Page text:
II Samuel 13:1 And it came to pass after this, that Absalom the son of David had a fair sister, whose name was Tamar; and Amnon the son of David loved her.
2 And Amnon was so vexed, that he fell sick for his sister Tamar; for she was a virgin; and Amnon thought it hard for him to do any thing to her.
3 But Amnon had a friend, whose name was Jonadab, the son of Shimeah David’s brother: and Jonadab was a very subtil man.
4 And he said unto him, Why art thou, being the king’s son, lean from day to day?
wilt thou not tell me? And Amnon said unto him, I love Tamar, my brother Absalom’s sister.
Amnon had a friend… Amnon was a kings kid…he was a son of David, king of Israel. He lived in a palace and enjoyed all the regal splendors of a child of the king. In the text we probably find Amnon in his teenage years. Although, his age is irrelevant because I think its notable that all of us regardless of the season of life we find ourselves in can have the same tendencies as Amnon.
But here in his youth he finds himself in a predicament…he has fallen in love with his sister…more correctly his half-sister…Tamar. They shared the same father…but different mothers.
Understand in this setting and time…there was nothing illicit or improper with this relationship…it was quite common at this time.
I would guess that the emotions that Amnon initially had for Tamar were innocent…but a battle began to be lost in the confines of his mind.
Now, Tamar was no ordinary woman. She was a princess. She was the daughter of David, the King of Israel. The Bible tells us that she was young and beautiful. The story also tells us that she was wise and courageous, a sharp contrast to the ugliness of her brothers and her father. She had everything going for her in terms of worldly status, as much as a woman could, that is. In spite of the glass ceiling of patriarchy, she had position, wealth and influence. What was working against her was a family that did not care about her.
Tamar’s family, you see was more interested in saving face for the male sons of David, than they were about the dignity of Tamar.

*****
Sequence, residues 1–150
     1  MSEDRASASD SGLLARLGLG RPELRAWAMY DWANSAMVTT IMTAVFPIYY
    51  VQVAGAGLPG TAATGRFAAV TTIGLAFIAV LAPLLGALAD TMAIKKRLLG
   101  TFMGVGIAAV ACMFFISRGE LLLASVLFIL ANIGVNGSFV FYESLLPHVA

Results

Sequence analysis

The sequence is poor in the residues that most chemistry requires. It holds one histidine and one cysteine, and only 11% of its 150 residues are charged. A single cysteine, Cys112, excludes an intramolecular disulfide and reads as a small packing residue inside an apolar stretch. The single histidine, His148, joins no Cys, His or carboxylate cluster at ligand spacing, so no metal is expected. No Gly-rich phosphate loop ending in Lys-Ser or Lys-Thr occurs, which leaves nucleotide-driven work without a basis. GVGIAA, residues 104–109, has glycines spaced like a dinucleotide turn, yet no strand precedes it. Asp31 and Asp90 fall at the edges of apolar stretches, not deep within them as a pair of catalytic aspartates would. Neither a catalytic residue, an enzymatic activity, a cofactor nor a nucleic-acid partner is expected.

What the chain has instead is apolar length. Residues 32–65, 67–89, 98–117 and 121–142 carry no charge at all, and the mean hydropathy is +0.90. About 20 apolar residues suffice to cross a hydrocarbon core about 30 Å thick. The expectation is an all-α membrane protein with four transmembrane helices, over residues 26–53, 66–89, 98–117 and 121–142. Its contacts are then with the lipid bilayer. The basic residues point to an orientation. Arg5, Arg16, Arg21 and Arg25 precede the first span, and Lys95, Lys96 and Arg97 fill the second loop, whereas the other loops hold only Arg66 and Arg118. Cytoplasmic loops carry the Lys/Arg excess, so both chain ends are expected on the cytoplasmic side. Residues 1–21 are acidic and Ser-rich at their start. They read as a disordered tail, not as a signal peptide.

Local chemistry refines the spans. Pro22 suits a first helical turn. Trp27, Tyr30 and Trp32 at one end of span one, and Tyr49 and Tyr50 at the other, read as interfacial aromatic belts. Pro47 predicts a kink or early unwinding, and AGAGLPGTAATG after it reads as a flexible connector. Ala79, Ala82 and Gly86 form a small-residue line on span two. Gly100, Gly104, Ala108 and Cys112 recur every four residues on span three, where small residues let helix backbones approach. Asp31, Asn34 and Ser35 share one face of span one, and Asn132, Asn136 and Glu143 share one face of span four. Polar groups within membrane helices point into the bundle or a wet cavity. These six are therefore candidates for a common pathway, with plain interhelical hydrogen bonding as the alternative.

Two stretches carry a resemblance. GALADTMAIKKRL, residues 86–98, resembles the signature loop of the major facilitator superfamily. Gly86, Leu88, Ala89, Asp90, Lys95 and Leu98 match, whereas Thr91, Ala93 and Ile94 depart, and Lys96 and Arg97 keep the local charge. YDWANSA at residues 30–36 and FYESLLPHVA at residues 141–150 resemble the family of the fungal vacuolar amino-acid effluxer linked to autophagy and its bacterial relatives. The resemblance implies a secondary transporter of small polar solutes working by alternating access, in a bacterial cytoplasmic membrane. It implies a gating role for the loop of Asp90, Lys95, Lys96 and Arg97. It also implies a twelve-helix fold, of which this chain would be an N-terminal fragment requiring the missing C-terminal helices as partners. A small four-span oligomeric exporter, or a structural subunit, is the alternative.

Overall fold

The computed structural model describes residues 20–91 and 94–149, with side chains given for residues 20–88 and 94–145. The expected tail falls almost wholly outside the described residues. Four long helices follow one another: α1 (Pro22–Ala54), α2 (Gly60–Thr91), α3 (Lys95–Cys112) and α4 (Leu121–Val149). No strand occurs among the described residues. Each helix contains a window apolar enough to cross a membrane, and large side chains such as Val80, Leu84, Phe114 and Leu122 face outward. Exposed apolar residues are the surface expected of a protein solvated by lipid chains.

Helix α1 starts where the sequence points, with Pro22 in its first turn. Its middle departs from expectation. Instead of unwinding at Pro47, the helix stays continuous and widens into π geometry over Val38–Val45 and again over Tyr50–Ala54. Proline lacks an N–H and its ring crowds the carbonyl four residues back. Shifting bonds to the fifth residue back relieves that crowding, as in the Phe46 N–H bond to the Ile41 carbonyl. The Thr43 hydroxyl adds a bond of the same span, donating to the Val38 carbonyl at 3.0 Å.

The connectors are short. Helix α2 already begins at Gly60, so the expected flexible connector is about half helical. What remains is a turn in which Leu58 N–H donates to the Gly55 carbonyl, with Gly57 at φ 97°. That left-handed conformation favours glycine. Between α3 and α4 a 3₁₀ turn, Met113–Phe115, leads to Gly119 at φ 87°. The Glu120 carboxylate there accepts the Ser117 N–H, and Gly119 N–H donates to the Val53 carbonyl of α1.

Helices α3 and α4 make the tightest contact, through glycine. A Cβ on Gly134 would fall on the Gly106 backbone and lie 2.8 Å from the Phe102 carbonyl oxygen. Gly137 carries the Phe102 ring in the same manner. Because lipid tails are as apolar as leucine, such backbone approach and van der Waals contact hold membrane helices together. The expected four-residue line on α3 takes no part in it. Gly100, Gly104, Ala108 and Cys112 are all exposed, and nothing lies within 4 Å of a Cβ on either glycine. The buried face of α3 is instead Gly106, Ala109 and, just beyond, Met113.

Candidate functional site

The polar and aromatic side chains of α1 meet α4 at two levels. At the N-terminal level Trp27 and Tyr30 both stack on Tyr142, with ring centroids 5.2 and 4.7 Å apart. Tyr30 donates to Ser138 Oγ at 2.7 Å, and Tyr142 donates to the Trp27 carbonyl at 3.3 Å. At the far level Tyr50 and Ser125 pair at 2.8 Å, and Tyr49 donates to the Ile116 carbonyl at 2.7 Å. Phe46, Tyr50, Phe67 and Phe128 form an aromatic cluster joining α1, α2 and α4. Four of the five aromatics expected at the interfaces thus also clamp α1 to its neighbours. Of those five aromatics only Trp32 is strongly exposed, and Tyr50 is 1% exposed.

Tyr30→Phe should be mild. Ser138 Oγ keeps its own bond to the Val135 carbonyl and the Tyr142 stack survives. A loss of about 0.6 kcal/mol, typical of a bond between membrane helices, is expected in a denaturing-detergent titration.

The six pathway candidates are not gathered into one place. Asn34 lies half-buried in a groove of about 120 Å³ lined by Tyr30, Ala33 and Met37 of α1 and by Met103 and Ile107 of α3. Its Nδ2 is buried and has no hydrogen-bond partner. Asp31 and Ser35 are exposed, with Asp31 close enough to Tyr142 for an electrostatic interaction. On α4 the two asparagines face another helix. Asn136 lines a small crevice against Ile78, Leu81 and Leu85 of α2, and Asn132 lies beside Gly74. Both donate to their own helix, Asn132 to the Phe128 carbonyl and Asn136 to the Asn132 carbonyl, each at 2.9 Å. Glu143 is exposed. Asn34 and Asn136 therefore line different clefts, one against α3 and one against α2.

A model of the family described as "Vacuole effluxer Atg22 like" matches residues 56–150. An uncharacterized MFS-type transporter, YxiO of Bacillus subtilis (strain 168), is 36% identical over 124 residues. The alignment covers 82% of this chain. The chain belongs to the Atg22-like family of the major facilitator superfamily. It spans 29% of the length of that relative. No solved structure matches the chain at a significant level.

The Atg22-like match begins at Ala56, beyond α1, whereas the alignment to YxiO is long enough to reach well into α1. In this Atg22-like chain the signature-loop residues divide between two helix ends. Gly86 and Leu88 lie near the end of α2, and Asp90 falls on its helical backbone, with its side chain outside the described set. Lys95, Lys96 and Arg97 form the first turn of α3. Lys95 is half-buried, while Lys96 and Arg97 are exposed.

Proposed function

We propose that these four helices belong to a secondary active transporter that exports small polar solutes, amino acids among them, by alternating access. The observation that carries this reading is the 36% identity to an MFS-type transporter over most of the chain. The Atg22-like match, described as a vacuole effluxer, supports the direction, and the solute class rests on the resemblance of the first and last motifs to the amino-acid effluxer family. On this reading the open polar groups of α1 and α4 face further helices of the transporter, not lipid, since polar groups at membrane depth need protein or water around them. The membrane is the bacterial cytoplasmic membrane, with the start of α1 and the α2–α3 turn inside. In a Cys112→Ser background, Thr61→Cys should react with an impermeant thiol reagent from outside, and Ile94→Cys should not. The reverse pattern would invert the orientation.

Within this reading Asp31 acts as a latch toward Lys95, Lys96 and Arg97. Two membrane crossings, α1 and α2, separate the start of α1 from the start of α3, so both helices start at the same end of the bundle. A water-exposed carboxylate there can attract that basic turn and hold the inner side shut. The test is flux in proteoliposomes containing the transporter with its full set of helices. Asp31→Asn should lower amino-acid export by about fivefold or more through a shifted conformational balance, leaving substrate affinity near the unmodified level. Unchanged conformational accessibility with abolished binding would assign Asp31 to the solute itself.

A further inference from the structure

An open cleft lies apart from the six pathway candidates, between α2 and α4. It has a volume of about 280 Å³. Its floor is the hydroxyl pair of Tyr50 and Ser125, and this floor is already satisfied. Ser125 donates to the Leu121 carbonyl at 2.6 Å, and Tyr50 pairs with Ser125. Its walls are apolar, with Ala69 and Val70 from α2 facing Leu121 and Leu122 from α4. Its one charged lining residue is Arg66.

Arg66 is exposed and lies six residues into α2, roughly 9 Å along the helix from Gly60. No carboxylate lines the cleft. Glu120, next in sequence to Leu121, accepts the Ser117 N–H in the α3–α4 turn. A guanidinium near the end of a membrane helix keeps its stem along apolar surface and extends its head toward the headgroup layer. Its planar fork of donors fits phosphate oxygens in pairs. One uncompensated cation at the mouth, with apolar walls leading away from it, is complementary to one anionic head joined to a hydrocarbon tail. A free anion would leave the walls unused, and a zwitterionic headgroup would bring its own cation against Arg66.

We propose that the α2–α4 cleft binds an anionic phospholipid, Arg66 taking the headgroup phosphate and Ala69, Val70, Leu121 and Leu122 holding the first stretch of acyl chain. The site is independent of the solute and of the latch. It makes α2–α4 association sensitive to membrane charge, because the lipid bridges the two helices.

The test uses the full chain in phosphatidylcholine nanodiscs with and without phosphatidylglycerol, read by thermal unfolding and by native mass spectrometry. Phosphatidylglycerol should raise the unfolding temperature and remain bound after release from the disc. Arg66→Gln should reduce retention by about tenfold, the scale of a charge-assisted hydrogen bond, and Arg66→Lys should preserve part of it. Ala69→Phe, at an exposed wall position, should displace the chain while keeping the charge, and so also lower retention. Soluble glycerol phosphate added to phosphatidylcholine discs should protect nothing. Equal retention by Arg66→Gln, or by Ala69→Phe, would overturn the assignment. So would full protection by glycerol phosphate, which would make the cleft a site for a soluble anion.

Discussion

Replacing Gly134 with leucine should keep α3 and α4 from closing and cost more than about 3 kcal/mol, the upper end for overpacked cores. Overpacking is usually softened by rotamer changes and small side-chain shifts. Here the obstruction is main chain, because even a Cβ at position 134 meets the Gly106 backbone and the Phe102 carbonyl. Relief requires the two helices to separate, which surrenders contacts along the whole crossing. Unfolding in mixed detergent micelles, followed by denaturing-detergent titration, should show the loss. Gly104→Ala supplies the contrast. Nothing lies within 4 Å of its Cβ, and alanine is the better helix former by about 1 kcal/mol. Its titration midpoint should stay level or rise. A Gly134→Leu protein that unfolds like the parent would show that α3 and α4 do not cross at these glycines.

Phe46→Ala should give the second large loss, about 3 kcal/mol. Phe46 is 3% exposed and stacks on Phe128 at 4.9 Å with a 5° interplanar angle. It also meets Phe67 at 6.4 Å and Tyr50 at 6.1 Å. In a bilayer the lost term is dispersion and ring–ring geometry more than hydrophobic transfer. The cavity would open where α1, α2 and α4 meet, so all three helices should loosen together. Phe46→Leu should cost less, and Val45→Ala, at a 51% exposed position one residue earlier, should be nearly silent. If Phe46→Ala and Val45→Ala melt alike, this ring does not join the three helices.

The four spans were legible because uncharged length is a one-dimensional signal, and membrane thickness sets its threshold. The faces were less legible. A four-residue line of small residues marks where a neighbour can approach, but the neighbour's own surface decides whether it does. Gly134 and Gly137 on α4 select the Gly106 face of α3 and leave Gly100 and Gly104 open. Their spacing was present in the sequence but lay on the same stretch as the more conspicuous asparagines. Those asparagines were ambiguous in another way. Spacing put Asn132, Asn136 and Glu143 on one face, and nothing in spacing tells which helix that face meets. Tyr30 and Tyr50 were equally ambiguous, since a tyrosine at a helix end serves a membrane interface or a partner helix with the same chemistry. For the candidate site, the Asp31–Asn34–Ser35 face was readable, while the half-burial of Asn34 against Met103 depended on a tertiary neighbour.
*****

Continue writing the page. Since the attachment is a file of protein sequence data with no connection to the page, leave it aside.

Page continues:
King David had many wives and many children as was the custom in the Holy Land 3000 years ago. The two oldest sons were in a struggle for power. Both wanted David’s throne, and both would stop at nothing to get what they wanted. Amnon was the eldest and therefore the apple of David’s eye. His younger brother Absalom hated Amnon, but dared not risk his father’s favor by doing anything against Amnon. Absalom was savvy and even corrupt in his pursuit of power. The greed and arrogance of Amnon and Absalom brought both of them to an early death. I tell all of this as a way to set the stage for what happened to Tamar.
Amnon’s mother was named Ahinoam. Absalom and Tamar’s mother was named Maachah. Since they shared David as their common father, they were family. Tamar was Absalom’s full sister and Amnon’s half-sister.
Now, Amnon fell in love with Tamar. The Bible says he fell in love, but it was more like he fell in lust for her.
Many of us confuse lust with love. Survivors of incest confuse sex with love, since sex is seen through the immature eyes of a child as a way to earn the love of a certain family member. True love, according to M. Scott Peck in his book The Road Less Traveled, is the commitment to your partner’s spiritual growth. Lust has a lot more to do with hormones than it has to do with love or respect. Lust is also not always shared by the object of the lust. When lust combines with arrogance, shame and the need for power, the result is often rape.
Amnon was so in lust with Tamar that he made himself ill. She was a virgin and his half-sister and it seemed to him that he could do nothing about his lust but fantasize.
But where there is a will there is a way. Where there is power and disrespect for another, there is the abuse of power and the creation of a victim. Amnon had a scoundrel of a friend by the name of Jonadab who devised a cruel plan so that Amnon could have his way with Tamar. Jonadab told Amnon to act like he was sick and ask to have Tamar come to take care of him. “Then,” he said, “you can have your way with her.”
Tamar came to take care of her supposedly sick half-brother. Amnon fantasized as he watched her make cakes for him. When the cakes were ready, he refused to eat the food. He sent everyone out of his bed chamber except for Tamar. He said to her, “bring the food into the chamber, so that I may eat from your hand.”(2 Sam. 13:9)